Natalie Raju and Damian Ryan look at the possible impacts on SMSFs and other superannuation funds from the ALP's proposed withdrawal of refundability of franking credits.
Australia currently has a policy setting which exempts from tax superannuation fund earnings in the pension phase, whilst also allowing for the refundability of franking credits. Given the ageing population and larger proportion of superannuation members moving into pension phase, that policy setting is arguably becoming fiscally unsustainable in the long term.
One policy setting to place a cap on this growing tax expenditure, is to limit the amount of funds in pension phase. The Government achieved this by the $1.6 million transfer balance cap measures that were introduced from 1 July 2017.
A second policy setting that would also place a cap on this tax expenditure, is the one being proposed by Labor. This would limit the utilisation of franking credits to the fund's overall tax liability, but to deny the cash refund of any excess.
Under Labor’s proposals, for large Australian Prudential Regulation Authority (APRA) regulated superannuation funds with a significant proportion of members still in accumulation phase, the franking credit would still be able to be utilised against the tax payable on other assessable investment earnings - as well as tax on contributions. For these funds, there will be no change.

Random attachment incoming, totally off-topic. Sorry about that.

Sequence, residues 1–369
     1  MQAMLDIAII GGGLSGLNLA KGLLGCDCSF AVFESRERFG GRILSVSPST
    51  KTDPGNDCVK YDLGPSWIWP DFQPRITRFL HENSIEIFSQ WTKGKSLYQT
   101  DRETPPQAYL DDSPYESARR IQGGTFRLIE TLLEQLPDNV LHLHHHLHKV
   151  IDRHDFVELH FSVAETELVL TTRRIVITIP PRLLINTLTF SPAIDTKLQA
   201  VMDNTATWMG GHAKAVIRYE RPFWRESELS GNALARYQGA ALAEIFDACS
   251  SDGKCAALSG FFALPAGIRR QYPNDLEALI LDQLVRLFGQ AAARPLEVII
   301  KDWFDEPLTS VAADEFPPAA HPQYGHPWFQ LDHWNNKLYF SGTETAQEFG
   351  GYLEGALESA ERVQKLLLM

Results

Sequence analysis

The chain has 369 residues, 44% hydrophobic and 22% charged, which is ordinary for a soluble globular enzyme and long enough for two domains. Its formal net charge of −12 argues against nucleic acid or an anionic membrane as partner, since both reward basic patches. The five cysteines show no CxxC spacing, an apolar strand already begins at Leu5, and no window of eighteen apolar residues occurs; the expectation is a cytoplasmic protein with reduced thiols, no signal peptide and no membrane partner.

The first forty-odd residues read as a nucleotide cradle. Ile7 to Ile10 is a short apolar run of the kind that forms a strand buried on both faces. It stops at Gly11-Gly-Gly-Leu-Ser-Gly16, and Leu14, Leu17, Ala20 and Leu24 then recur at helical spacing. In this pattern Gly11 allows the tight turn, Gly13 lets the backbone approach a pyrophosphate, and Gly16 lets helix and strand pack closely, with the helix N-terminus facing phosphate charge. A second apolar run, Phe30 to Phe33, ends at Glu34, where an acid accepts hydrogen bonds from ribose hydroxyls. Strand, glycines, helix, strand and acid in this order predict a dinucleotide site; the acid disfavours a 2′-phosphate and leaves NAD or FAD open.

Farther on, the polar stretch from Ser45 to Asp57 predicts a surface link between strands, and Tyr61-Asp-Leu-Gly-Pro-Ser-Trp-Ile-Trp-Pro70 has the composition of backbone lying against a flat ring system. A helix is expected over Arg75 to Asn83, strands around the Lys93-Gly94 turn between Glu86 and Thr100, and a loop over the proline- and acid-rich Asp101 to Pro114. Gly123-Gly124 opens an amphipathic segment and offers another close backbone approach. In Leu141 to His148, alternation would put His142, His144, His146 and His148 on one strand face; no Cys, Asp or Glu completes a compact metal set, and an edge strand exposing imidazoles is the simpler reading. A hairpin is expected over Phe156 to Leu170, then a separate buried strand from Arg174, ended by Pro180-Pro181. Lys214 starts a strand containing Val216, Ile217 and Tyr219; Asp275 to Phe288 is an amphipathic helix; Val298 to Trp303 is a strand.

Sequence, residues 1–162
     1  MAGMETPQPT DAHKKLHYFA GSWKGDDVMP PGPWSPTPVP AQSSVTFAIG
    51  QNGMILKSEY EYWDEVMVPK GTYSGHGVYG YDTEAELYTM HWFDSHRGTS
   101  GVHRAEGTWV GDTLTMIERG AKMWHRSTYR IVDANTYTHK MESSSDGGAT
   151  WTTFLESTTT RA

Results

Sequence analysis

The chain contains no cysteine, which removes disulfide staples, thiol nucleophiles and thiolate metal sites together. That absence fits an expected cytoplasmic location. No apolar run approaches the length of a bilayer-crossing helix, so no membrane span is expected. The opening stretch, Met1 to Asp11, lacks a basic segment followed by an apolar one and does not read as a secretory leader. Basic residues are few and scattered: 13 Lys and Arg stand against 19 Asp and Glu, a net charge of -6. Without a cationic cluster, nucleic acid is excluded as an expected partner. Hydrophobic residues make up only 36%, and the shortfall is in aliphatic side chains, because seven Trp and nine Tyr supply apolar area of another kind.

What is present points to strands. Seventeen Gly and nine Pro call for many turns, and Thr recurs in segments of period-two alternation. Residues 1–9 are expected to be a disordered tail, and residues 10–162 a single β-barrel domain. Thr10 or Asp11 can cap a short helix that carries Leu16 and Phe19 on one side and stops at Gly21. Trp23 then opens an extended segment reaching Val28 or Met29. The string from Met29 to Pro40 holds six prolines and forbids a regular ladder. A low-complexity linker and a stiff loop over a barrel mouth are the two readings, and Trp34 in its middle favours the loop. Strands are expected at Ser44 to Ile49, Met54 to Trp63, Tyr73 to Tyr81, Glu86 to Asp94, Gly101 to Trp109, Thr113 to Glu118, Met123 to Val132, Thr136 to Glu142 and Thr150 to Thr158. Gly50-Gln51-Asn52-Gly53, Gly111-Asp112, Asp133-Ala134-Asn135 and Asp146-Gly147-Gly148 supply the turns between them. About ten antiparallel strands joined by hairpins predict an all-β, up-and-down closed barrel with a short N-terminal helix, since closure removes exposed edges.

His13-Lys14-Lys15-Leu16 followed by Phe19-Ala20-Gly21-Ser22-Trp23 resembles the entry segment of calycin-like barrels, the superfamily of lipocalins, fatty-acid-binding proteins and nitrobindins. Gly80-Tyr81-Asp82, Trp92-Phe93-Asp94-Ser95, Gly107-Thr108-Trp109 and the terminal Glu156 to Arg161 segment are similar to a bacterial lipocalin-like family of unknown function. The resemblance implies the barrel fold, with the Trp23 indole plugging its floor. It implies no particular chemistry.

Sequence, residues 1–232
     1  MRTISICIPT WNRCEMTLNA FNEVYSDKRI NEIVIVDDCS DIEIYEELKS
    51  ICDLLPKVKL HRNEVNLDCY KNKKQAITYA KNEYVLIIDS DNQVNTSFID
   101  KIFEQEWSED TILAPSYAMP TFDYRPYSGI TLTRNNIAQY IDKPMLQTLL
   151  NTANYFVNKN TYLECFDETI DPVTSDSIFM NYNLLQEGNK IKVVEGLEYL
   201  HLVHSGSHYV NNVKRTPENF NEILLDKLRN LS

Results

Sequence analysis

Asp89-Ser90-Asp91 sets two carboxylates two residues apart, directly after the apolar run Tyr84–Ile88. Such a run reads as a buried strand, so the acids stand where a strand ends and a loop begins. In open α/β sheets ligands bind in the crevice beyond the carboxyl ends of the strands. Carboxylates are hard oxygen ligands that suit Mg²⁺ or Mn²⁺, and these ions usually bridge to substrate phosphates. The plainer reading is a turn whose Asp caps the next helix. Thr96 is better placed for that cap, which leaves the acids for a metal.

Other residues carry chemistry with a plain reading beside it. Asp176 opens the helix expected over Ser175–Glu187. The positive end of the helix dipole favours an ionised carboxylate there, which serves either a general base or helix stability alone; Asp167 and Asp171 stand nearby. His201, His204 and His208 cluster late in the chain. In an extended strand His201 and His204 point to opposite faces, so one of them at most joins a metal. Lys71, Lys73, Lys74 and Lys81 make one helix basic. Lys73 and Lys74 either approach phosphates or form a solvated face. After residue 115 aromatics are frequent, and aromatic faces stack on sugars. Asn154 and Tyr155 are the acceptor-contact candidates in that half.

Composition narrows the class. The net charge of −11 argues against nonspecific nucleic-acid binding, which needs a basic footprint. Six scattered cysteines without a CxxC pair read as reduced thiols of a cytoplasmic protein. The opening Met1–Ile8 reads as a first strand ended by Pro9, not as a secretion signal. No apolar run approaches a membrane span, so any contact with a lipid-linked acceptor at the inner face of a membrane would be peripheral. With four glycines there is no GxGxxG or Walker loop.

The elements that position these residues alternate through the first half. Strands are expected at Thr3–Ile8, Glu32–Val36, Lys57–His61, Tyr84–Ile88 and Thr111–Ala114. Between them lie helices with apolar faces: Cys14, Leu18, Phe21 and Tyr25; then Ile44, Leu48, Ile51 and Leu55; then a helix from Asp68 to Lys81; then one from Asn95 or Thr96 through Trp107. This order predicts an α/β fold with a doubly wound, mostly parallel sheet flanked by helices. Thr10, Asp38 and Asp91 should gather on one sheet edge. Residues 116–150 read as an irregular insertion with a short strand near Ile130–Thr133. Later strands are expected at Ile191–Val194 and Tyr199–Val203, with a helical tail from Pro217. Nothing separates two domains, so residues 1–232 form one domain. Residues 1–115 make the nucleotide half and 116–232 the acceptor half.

A small (but growing) minority of APRA-regulated funds that have members predominantly in pension phase will be affected. Those significantly impacted will be Self Managed Super Funds (SMSFs) with members in pension phase. To provide context to the issue, approximately, one-third of funds in superannuation are invested in SMSFs. These funds, often in pension phase, will now be denied a cash refund to the fund of the excess franking credits.
This may create a distortion in the market whereby a pension member in a SMSF is treated differently from a pension member in an APRA-regulated fund.
It will also be interesting to observe the asset allocation strategies of SMSFs, and/or APRA-regulated funds as a result of this proposal if it were to be implemented. Australian equities as an asset class are highly valued, in part, because of the value of the franking credits. One may see a rebalancing of portfolios away from Australian equities into other classes of assets.